The other day, I woke up and lay in bed reflecting, which is rare for me...normally, I just lie there, doing nothing in particular. But this reflection was particularly interesting...I was thinking about the issues on which I find myself disagreeing with my mentor, Dr. Leithart...issues of ecclesiology, sacramentology, this whole question of holiness, etc. And I realized that, objectively, I believe that, on those issues, it is more likely that he is correct than that I am correct. But I do not therefore cease to disagree and to hold my beliefs.
This was a very striking realization, for it calls into question a fundamental assumption of much epistemology. Richard Swinburne, in particular, in his analysis of Christian belief, argues that to believe in something is to believe that it is more likely to be true than any of the alternatives. If faced with the options of opinion X, and opinion Y, although there may be all kinds of irrational factors influencing my conclusion, I will ultimately judge that, say, opinion Y is more likely to be true than opinion X, and I will thus believe Y. Or, alternatively, I will be unable to judge that either is more likely than the other, and so will withhold belief. For me, at least, this analysis simply doesn't work, and I am highly suspicious that I am not the only one who has encountered such counterexamples.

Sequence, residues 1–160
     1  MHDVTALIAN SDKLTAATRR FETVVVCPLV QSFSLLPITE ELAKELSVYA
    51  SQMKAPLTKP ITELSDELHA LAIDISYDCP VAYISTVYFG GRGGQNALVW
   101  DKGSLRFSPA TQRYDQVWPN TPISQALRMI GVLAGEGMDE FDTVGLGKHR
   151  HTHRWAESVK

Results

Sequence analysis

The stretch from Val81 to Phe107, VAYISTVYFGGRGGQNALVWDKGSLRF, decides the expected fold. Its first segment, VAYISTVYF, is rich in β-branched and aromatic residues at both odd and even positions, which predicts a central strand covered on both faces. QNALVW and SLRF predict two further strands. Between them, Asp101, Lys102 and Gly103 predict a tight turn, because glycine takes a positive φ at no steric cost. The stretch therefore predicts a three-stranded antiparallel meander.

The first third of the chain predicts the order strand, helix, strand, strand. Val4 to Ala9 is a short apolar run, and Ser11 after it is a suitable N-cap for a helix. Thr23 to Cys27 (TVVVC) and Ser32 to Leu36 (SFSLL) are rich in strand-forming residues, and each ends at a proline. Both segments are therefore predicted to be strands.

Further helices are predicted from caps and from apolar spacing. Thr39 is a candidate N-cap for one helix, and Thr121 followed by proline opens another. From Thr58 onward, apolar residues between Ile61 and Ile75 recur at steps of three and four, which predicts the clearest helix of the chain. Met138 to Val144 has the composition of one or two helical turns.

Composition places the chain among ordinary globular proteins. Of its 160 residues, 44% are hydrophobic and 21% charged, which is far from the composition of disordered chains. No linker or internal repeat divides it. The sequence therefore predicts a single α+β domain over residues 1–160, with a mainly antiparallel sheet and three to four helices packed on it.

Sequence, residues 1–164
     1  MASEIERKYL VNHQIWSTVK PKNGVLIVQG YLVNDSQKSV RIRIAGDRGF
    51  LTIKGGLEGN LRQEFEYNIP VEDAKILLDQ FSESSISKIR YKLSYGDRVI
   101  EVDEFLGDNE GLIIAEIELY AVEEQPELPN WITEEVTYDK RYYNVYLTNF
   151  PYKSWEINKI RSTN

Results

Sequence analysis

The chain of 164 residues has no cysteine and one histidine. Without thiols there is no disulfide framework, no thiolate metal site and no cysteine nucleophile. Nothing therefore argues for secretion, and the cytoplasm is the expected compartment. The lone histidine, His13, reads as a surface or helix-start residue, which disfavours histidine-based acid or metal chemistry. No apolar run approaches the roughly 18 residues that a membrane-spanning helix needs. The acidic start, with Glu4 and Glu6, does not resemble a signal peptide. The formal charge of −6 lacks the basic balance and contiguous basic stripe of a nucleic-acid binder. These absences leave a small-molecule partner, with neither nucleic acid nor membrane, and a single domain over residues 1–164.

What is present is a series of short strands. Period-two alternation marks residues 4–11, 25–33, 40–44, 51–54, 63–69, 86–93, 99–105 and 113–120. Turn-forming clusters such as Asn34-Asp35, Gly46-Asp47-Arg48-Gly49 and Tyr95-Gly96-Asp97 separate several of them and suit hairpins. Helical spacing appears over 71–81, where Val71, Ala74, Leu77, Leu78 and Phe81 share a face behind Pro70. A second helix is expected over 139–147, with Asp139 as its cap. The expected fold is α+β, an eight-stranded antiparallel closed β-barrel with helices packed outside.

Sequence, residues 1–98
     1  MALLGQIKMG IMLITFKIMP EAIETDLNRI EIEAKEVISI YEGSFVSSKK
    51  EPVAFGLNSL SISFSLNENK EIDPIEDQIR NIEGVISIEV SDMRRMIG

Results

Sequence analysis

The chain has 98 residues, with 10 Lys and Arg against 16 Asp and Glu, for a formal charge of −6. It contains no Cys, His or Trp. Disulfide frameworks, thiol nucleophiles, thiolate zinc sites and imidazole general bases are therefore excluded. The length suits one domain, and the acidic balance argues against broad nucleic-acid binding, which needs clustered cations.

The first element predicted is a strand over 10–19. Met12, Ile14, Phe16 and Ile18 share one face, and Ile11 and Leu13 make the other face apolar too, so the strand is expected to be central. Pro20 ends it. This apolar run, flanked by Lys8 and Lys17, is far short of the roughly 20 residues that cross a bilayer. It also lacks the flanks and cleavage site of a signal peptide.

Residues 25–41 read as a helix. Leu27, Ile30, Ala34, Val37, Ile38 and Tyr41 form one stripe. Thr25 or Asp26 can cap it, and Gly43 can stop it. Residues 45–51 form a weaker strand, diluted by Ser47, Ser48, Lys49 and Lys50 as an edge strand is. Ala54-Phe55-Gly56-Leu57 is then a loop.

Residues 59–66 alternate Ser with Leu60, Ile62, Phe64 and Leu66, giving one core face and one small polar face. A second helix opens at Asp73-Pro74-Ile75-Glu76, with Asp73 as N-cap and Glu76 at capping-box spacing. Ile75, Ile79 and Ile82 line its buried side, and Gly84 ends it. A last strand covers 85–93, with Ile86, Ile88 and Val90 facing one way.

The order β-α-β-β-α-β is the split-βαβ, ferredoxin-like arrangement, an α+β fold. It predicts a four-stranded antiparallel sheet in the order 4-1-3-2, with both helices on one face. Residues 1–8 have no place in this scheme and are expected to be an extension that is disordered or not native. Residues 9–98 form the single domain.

This suggests that, as I long felt, Kierkegaard is right to insist that faith is a passion, a much more sophisticated bundle of emotion and reason and will than Swinburne's cut-and-dried probability judgments. Way to go Soren!